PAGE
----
Vascular Ehlers-Danlos Syndrome (vEDS)

Vascular Ehlers-Danlos Syndrome


Vascular Ehlers-Danlos syndrome (vEDS, VEDS, previously known as EDS type IV) is an uncommon, dominantly inherited, genetic connective tissue disorder. Vascular EDS is particularly serious because of the risk for spontaneous arterial or organ rupture.

Incidence and Mechanism
Vascular EDS is estimated to occur between 1 in 50,000 individuals to 1 in 200,000 and results from pathogenic variants in COL3A1, which is responsible for producing chains of type III procollagen, a major protein in the walls of blood vessels and hollow organs. The changes in COL3A1 known to cause Vascular EDS alter the framework used to build connective tissue, which decreases its capacity to withstand stress.

Mortality risk
Potentially fatal effects include: arterial aneurysm, dissection, and rupture; bowel rupture; and rupture of the uterus when pregnant. Life span is often affected. Currently, the median life span is about 51 years—within a wide range from 10 to 80 years—and it is influenced by the nature of the particular COL3A1 variant.

A vEDS diagnosis is most often sought because of family history; someone’s medical history; or pregnancy complications at a young age. Diagnosis should be confirmed by identifying the COL3A1 variant through genetic testing. Confirmation helps rule out other possible causes for symptoms as well as establishing a clear need for medical surveillance, treatment, and study of family members.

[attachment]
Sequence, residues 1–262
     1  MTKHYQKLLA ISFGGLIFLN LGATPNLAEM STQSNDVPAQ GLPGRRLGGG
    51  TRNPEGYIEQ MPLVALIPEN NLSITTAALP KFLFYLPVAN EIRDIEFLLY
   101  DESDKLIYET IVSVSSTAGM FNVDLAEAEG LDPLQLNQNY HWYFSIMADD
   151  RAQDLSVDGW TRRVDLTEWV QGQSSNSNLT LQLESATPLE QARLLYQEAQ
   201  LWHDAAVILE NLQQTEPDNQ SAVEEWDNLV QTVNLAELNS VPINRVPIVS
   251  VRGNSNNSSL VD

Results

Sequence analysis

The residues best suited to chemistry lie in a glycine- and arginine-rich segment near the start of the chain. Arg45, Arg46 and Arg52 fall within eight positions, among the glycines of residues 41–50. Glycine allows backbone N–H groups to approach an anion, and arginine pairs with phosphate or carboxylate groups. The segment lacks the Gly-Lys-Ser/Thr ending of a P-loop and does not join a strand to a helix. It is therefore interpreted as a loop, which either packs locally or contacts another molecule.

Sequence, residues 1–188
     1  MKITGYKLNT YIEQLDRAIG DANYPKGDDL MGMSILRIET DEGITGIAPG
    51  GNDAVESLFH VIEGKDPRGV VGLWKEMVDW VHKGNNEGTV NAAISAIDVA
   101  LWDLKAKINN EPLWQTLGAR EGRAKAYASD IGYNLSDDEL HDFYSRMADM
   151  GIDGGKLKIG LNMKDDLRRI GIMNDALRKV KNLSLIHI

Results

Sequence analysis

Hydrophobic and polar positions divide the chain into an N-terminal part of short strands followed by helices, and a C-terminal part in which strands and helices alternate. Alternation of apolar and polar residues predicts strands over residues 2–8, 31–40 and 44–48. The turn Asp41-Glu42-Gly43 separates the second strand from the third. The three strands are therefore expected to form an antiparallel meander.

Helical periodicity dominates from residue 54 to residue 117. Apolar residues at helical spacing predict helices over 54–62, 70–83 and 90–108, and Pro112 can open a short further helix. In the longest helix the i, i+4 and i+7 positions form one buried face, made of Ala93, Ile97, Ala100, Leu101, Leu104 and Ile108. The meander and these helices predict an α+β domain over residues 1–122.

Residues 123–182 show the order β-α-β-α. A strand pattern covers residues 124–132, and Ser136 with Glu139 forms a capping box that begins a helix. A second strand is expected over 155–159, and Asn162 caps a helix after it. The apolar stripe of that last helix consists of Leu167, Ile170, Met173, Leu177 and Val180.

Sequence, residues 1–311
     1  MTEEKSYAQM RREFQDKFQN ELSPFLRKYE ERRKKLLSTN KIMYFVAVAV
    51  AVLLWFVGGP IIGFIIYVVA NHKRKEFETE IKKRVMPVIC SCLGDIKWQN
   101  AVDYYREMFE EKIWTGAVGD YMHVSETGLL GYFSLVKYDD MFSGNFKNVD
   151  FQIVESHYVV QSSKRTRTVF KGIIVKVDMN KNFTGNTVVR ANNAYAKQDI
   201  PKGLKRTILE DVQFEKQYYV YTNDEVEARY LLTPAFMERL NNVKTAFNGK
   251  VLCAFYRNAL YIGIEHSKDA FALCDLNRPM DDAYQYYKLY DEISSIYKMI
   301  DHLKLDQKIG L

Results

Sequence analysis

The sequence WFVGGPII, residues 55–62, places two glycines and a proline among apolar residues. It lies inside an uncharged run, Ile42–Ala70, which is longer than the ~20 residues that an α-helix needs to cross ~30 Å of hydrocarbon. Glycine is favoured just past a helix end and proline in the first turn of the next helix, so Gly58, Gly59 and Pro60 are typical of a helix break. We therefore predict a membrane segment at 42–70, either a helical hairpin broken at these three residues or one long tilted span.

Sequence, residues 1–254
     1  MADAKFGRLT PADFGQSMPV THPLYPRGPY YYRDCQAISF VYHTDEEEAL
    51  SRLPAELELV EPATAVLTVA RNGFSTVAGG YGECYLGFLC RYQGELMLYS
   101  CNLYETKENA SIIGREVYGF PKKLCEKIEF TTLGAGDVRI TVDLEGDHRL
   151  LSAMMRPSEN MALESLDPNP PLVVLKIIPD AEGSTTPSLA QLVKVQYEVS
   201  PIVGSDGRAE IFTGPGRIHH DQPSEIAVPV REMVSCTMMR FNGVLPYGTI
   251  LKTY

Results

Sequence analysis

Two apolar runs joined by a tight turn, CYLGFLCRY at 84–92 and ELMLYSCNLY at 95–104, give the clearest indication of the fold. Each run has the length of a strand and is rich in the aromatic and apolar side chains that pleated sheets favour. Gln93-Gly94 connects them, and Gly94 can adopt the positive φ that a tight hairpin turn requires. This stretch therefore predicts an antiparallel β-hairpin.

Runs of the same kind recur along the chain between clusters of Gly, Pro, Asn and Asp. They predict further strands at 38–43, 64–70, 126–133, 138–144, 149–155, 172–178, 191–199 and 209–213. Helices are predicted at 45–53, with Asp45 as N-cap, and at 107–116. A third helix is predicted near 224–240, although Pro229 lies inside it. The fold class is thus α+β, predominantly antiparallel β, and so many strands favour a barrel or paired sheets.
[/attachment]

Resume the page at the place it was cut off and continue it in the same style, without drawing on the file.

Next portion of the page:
Management and care
After diagnosis, the first priority is assembling an integrated care team to provide a clinical and social support network for the individual and their family. Management is complex and requires multiple specialists who can respond to and manage the major complications.

  • Establish coordinated care team including multiple specialists who can quickly respond to and treat the major complications.
  • Create individualized plan for emergency (EDS passport), including diagnosis and management plan, that can be carried when traveling.
  • Modulate lifestyle to minimize injury and risk of ruptures.
  • Maintain normal blood pressure and treat hypertension aggressively.
  • Schedule examination of the vascular system, using doppler ultrasound, CTA (low radiation alternatives), or MRA, if feasible on an annual basis.
  • Centralize management at centers of excellence (experience) when feasible.

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